Adekunle Gold, the artist, has disclosed that he was ridiculed by critics when he transitioned from Highlife to Afropop.
The musician debuted in 2015 with the tune ‘Sade,’ a highlife rendition of One Direction’s ‘Story of My Life’
Subsequently, Adekunle Gold got a contract with YBNL and released his self-titled debut studio album.
However, between 2019 and 2020, the singer began recording tracks with Afropop influences, marking a turnaround.
After the release of his 2020 album, which was blatantly labeled “Afropop,” he stated that the alterations had been gradual.
In a message to his supporters commemorating his birthday, Adekunle recounted how his choice was ridiculed by naysayers.
“When I first started putting my photoshop images online, some people laughed at me. Others ignored it and some supported me. The same thing happened when I started sharing my music publicly,” the singer wrote.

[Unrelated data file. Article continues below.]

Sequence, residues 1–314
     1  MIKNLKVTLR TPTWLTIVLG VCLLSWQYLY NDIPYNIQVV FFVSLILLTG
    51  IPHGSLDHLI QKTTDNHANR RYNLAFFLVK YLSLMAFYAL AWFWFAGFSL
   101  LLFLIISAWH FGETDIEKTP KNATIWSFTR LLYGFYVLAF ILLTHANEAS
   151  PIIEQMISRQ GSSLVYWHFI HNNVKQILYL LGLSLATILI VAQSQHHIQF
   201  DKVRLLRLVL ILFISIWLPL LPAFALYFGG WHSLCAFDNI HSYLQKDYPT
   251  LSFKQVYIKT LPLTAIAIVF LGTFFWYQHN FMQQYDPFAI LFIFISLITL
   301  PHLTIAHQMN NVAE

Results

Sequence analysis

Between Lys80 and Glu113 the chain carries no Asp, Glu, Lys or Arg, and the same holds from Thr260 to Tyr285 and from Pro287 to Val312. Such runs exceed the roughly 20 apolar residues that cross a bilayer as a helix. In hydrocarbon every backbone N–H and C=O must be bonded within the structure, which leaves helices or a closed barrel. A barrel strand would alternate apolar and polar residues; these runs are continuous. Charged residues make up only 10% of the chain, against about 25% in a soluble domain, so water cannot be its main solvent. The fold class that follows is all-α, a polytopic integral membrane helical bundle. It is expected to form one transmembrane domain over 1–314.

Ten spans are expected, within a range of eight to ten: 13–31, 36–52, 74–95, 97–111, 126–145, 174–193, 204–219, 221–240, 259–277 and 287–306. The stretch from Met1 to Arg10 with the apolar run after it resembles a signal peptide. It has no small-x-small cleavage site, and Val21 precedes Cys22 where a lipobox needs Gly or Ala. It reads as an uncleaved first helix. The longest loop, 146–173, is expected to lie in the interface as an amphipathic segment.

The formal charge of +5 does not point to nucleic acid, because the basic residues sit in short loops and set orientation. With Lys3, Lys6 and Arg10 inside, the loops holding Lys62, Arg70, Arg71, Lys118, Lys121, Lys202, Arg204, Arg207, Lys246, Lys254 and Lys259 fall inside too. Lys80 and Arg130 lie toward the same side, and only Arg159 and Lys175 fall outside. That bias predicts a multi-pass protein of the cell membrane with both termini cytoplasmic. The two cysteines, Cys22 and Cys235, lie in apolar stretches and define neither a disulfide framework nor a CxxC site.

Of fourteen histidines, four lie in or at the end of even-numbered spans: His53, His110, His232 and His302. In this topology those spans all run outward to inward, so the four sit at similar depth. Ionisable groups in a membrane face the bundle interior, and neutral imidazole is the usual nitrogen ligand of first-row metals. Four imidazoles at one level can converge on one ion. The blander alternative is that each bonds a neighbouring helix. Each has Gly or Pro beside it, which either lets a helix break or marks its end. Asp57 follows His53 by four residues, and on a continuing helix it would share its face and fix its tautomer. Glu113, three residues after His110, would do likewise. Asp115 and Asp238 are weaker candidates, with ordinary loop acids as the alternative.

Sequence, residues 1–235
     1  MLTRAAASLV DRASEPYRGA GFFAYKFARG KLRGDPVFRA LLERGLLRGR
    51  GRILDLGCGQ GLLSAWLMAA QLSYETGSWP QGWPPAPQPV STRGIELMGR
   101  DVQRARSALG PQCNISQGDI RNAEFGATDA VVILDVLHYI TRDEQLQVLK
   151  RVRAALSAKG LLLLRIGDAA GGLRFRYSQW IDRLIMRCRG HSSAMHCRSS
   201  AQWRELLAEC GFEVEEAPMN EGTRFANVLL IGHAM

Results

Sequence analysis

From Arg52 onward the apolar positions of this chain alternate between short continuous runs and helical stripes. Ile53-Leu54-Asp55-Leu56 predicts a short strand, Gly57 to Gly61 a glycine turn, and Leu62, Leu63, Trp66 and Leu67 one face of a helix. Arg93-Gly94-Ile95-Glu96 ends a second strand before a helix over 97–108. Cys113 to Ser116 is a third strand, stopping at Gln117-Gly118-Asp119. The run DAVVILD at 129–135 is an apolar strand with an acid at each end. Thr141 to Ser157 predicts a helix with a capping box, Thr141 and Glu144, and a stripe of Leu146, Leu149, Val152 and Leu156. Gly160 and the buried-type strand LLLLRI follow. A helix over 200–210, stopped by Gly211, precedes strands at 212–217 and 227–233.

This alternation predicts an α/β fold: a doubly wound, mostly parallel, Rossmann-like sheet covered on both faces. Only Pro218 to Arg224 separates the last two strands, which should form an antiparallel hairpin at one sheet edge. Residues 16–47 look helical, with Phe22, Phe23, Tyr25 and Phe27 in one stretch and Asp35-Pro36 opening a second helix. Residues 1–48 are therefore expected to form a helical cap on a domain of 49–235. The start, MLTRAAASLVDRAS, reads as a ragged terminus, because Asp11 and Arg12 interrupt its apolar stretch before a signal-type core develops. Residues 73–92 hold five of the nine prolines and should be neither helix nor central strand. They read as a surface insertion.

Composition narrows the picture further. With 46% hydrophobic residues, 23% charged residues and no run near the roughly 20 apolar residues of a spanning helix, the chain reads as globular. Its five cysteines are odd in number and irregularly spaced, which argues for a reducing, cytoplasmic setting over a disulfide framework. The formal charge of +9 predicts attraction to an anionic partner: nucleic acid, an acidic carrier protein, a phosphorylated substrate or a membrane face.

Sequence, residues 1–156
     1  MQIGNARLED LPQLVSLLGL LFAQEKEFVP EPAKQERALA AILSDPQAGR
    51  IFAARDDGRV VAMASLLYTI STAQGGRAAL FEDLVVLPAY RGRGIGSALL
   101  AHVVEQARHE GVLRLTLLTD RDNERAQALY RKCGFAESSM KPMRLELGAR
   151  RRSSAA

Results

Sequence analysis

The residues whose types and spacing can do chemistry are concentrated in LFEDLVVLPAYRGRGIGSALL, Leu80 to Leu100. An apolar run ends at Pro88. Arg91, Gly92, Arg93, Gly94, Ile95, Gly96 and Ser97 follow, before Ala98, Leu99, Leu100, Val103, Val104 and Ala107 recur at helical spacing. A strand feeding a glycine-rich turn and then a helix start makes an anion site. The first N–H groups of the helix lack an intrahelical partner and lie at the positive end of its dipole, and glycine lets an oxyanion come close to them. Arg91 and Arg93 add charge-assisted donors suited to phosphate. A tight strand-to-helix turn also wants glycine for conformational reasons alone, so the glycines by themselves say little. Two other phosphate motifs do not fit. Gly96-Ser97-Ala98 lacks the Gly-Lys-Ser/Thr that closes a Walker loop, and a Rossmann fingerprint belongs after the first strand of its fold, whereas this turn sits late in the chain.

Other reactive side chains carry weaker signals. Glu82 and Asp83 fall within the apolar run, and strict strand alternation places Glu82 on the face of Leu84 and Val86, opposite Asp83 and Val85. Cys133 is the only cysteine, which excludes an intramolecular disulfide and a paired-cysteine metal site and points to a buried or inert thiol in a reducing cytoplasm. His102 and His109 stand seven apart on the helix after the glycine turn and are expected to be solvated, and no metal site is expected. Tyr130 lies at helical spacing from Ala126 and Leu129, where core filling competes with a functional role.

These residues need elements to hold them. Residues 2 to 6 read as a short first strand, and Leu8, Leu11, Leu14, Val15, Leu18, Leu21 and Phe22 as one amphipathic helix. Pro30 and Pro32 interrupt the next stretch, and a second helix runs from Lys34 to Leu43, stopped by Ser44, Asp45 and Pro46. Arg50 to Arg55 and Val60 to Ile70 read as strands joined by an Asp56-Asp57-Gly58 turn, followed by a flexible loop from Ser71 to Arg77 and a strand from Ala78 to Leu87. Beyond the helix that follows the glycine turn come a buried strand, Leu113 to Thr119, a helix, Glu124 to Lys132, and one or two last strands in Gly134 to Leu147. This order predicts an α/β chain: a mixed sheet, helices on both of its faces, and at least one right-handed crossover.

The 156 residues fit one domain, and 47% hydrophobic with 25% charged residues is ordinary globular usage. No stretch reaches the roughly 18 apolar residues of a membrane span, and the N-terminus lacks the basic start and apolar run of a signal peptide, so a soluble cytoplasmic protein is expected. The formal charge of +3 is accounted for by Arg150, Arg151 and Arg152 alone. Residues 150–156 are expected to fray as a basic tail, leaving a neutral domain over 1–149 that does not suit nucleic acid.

“People didn’t really pay any attention to it. Some of the people I really respected made fun of my voice. In 2019 when I started releasing Afropop sounds, I saw a tweet where someone had called me a ‘Yoruba singer’.
“[They] told me to stick to what I knew. In hindsight, I wonder why they thought ‘Yoruba singer’ was an insult. I didn’t allow anyone’s opinion to stop me from expressing my creativity. I was doing it for me.
“My point is, with everything you do, people will have their own opinion about it. Some will criticise you openly and others will keep it to themselves. Some opinions will discourage you and some will empower you.
“Sometimes, those that support you will turn on you when you’re no longer winning. Just make sure you’re doing everything you do for yourself and not for the approval of anyone else.”
In 2020, Adekunle clarified that drifting toward pop didn’t amount to a total overhaul of his music style
“It makes sense to say I don’t have a sound because I can do anything,” he had stated during a private forum.
“The album ‘Gold’ was highlife. ‘About 30′ was an upgrade with more pop. Now, ‘Afropop’ is totally different.
“Who would think that I can do dancehall, R&B, an EDM-sounding song like ‘Here For Ya’?
“I’m trying to take music to a new level where people have not. The legacy is, I want to [be able to] say I did all.”
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